Mr R was discharged to the Claimant’s home, where his sister and her baby were also living. The presence of others were a risk to Mr R through causing infection. Mr R made an application for housing under Part VI to the Defendant. Mr R’s doctors (GP and consultant) wrote on several occasions to the Defendant setting out the medical risk to Mr R in his present housing. Richmond accepted Mr R on the housing register, but awarded him 50 priority points for medical problems, rather than 200 points for ‘a person whose condition is life threatening and their existing accommodation is undermining their health’.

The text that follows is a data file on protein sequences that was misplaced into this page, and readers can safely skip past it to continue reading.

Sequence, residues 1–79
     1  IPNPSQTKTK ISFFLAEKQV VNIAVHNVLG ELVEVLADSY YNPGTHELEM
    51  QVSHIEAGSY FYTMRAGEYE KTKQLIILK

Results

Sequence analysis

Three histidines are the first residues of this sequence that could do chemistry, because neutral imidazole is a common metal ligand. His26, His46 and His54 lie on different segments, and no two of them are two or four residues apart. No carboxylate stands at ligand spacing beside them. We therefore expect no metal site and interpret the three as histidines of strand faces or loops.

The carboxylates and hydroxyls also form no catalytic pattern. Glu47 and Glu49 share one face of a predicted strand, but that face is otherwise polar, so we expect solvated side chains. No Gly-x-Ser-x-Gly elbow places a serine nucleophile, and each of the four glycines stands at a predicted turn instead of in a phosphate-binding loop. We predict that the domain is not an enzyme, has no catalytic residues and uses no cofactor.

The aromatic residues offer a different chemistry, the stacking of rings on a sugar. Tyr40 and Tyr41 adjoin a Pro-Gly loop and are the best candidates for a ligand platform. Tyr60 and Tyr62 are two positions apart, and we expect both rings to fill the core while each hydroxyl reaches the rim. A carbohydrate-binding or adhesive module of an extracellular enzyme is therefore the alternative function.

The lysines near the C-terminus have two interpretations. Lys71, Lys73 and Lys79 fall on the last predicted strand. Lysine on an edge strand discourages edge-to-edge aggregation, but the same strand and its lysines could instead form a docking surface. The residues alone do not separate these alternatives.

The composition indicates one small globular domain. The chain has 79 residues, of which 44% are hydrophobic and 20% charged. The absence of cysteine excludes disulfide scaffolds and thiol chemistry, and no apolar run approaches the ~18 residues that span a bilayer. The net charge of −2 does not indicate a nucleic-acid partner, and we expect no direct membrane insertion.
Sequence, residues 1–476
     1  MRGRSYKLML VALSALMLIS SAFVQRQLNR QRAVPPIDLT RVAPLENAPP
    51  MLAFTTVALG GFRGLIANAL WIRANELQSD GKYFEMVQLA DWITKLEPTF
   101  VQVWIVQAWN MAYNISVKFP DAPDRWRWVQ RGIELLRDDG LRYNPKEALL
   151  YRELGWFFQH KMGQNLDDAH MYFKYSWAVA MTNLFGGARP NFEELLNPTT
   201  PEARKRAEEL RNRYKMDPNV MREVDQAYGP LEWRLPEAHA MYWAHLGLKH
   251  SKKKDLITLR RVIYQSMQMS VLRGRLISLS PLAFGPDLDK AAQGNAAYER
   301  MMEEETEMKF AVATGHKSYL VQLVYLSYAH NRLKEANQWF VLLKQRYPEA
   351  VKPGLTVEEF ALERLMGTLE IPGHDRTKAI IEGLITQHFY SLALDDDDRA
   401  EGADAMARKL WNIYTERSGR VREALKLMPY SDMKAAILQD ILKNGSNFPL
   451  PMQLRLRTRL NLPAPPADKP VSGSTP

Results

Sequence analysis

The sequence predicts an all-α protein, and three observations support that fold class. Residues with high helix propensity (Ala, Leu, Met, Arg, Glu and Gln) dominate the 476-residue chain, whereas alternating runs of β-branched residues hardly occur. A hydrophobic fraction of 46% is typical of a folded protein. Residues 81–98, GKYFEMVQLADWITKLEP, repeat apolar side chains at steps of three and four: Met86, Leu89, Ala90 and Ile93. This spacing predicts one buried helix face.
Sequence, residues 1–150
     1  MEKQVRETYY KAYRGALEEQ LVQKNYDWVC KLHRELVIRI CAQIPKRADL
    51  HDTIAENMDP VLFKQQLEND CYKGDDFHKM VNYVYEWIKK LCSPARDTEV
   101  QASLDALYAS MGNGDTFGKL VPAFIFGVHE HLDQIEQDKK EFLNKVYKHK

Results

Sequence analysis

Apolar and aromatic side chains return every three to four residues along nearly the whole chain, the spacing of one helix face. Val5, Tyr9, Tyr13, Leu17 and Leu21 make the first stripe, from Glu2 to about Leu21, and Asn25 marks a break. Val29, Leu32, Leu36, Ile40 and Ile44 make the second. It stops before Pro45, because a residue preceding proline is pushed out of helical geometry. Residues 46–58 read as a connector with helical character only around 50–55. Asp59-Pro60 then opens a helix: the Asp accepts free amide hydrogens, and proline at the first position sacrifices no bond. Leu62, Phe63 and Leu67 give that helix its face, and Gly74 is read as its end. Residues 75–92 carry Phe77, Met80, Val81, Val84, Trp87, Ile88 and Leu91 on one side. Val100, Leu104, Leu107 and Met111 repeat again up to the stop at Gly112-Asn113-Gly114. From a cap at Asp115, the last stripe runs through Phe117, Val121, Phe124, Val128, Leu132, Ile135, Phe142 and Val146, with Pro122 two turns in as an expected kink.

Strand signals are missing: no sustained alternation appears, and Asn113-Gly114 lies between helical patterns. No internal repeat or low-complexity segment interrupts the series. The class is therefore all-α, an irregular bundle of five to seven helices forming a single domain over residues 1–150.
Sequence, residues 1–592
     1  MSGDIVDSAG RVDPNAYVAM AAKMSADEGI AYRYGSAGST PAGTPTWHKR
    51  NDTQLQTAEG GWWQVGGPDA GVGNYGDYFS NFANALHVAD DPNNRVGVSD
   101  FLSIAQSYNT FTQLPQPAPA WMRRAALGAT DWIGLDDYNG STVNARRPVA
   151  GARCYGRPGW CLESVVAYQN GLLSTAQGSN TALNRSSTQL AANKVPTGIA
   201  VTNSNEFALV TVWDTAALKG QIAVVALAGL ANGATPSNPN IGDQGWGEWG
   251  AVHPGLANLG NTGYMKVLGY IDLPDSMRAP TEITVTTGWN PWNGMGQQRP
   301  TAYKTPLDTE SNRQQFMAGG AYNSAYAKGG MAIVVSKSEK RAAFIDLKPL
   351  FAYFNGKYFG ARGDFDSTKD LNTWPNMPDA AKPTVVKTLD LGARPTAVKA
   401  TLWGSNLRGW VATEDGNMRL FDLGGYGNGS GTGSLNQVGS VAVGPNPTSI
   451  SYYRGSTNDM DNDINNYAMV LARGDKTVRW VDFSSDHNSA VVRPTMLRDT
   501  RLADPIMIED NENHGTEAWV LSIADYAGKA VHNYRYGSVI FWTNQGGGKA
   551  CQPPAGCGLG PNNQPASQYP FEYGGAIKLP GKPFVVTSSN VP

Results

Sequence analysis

On 21 December 2010, Mr R’s sister and her baby were diagnosed with an infection. On 3 January 2011, Mr R was admitted to hospital with respiratory sepsis. He remained in hospital until his death from influenza on 23 January 2011.

Ms Darby, as administratrix of his estate brought a claim alleging breach of duty of care in failing to award the 200 points and thus hastening Mr R’s ability to get a property of his own, leading to his death by infection, in circumstances that Richmond had been warned about.

The court of appeal held that the first instance decision was entirely correct. The House of Lords in O’Rourke v Camden LBC [1998] AC 188,  and the court of appeal in X v Hounslow found no duty of care in Part VII and Part VI Housing Act 1996 obligations, or their previous equivalents.

And then Gorringe v Calderdale MBC [2004] UKHL 15 found that where there is no claim for breach of statutory duty and no duty of care arises under the general law, Parliament is taken to have intended that no common law duty of care existed.